No. 39



How Strict Should the Administrative Court Be?

05 June 2019


RiTo No. 39, 2019

  • Ivo Pilving

    Ivo Pilving

    Chairman of the Administrative Chamber, Supreme Court

In Estonia, judicial control has been applied to administrative rulings for the past one hundred years. The 1992 Constitution ensures the protection of the individual rights in separate administrative courts.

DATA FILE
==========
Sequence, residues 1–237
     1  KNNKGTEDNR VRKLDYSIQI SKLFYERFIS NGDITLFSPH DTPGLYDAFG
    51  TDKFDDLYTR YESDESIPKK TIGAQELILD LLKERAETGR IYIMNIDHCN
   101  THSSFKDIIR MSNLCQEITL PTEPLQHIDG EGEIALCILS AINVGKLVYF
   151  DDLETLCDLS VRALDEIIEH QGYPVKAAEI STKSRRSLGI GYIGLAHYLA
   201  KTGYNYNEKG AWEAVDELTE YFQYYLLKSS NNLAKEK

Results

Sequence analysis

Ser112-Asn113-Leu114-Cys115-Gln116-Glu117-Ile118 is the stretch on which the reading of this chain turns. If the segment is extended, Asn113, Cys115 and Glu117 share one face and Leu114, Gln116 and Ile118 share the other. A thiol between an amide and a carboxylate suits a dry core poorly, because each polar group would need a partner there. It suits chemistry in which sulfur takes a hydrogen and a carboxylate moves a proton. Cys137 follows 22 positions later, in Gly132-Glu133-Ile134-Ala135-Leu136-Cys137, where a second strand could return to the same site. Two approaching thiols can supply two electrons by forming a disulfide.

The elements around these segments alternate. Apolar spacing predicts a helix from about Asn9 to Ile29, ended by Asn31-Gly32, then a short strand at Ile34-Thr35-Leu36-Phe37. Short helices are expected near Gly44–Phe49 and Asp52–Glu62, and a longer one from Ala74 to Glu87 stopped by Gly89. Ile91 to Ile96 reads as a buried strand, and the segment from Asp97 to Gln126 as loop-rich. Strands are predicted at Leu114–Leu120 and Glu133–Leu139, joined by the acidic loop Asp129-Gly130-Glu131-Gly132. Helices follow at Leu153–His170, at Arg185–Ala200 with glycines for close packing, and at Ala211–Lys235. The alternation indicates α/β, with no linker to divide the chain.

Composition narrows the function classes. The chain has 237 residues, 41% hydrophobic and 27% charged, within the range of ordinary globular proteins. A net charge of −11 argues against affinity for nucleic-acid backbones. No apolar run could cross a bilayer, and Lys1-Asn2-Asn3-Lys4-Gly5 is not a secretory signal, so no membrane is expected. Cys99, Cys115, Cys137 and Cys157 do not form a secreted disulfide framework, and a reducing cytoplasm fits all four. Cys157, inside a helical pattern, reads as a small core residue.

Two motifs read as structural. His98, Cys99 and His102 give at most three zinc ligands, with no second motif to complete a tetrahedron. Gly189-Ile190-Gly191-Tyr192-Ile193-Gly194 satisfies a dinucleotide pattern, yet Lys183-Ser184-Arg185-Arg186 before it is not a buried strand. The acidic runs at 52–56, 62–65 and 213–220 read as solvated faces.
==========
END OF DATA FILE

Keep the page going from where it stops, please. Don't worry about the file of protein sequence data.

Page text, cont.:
The control of administrative rulings by independent courts is the litmus test of the rule of law. Specialised administrative courts ensure efficient and expert legal protection. Administrative courts may check the decisions of the authorities only on the basis of the law. This limits the access to courts as well as the intensity of the judicial control. The court does not decide on purely political issues or, as a rule, on court actions that do not concern the rights of the complainant. Court practice in Estonia can be divided into three categories of intensity: strict control, test of rationality, and test of obviousness. The frequency and restraint of the control are subject to two dimensions: the scope of the administrative discretion and the intensity of the interference with rights. A wide scope of discretion can also result from the scientific uncertainty of the disputed issue. In the near future, Estonia is likely to see increasing numbers of administrative rulings based on machine learning. However, the use of algorithms in itself must not cause the judicial control to subside.